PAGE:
Please advise.

      • #2352847

        I had to work on a client’s system that had a “failed” upgrade from 1909 to 2004 a few weeks ago.

        When I ran a “winver” on it, it reported 19041.1, which I had never seen before.

        Since I usually download each month’s updates from the Microsoft Update Catalog, I had the February ones on-hand.

        First, I manually installed the January Servicing Stack Update (SSU KB4598481, the latest in February), then installed the February Cumulative Update, KB4601319. No re-boot is needed after installing the SSU.

        I did this with the system OFFLINE, so the system would not be trying to check for any updates on its own.

        The final result was that it brought the system up to the February update level, and was running OK.

        Then I re-connected the system to the Internet, and used Windows Update Mini Tool (WUMT_x64.exe) to run a check for updates and install other current updates that I wanted installed.

        So, I think if you just try “updating” your system with the “latest” (safe to install…) update, KB4601319, (and the January SSU), both downloaded from the Microsoft Update Catalog, you can get back to a current, functioning system.

        There’s a link to MS Update catalog page for KB4601319 below, be sure to pick the right “bit-ness” for your system, as you did not mention that about your version of Windows 10 2004. You can ignore the “Server” version, and the Dynamic Update version.

        Link to February updates for 64-bit versions of Windows 10 2004:

        https://www.catalog.update.microsoft.com/Search.aspx?q=kb4601319%20%2B2004%20×64

        Link to the 64-bit “SSU” that needs to be installed before the February Cumulative Update. Again, you can ignore the “Server” version:

        https://www.catalog.update.microsoft.com/Search.aspx?q=kb4598481%20%2B2004%20×64

        Of course, before installing any updates, be sure to have a full system backup, and a way to restore that backup.

         

        • This reply was modified 7 months ago by SkipH.
        1 user thanked author for this post.
    • #2352844

      Before you do anything more get a backup of your data!

    • #2352889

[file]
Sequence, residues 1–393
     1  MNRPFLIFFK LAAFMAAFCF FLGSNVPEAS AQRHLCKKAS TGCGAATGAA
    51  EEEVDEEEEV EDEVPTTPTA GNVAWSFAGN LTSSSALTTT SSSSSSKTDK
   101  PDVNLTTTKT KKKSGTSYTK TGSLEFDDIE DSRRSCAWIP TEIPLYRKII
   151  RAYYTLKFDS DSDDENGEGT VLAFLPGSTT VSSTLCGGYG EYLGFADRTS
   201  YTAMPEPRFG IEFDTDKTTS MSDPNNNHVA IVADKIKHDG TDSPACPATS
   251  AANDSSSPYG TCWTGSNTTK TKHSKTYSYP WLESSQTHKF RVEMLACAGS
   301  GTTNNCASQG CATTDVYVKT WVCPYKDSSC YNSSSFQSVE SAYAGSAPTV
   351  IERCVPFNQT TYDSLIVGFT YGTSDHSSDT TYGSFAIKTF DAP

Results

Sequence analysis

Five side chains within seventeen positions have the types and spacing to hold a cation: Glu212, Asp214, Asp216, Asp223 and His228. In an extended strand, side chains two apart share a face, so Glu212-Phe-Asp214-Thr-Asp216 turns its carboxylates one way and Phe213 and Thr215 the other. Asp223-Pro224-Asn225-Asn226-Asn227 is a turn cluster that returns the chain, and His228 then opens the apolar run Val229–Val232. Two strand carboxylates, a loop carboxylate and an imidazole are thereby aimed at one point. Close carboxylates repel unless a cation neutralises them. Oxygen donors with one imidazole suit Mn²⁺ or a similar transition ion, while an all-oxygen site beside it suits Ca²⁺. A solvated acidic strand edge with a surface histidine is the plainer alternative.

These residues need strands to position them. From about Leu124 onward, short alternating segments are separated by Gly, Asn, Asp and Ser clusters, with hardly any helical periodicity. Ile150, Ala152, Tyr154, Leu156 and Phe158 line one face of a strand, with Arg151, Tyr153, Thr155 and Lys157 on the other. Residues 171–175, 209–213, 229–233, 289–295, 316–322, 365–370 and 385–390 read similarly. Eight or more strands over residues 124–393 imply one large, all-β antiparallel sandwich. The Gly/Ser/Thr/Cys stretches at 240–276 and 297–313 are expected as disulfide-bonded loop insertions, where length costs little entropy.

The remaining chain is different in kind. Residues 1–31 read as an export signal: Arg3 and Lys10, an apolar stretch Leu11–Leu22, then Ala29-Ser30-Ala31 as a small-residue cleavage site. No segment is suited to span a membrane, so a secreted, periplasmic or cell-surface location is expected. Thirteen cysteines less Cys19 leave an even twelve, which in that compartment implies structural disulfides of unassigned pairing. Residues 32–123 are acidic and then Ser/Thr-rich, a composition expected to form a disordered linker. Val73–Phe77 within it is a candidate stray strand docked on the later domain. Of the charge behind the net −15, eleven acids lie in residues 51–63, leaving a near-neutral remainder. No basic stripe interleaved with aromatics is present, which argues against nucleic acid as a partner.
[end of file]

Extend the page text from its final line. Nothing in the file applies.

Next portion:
Wanting to check if the Heidoc ISO serves the purpose of “Be sure you have a working bootable Restore disk/USB

      That will produce a bootable Windows installation disk, not a backup restore disk.

      Depending on the backup software you use, you should be able to create a recovery disk from within the backup software. If you use Windows backup, a Windows boot / reinstall disk, e.g. from Heidoc, will do.

      cheers, Paul

      1 user thanked author for this post.
    • #2353123

      I appreciate the many voices responding.
      About being able to restore data, I’ve got plenty of space on the problem computer’s internal D: drive (1TB HHD).
      Is that a safe place to store data on a computer whose operating system is on the C: drive (256GB SSD)?
      Best, Beth

       

       

    • #2353178

      Beth,

      Drive D: is the preferable place to store your data. That way, you can change your OS, programs, etc without endangering data.

      Zig

      1 user thanked author for this post.
    • #2353183

      Is that a safe place to store data on a computer whose operating system is on the C: drive (256GB SSD)?

      It is a good idea to separate OS from data. Is drive D the safest place ? No. Easiest access, Yes.
      The safest place for your OS and data is creating a full image copy (daily/weekly/monthly) to an external USB HDD disconnected from your PC and connected only when creating the backup.

      1 user thanked author for this post.
      • #2353253

        I agree that’s a preferable place for a backup copy.

        Zig

    • #2353316

      Saving a backup of C: on D: is fine as protection against OS corruption or disk failure, but it does nothing to protect you from machine failure or loss through fire, flood etc.

      You need to copy the backup from D: to an external USB hard disk and store that disk in a safe place away from the computer. I use a small consumer grade fire and water proof safe.

      cheers, Paul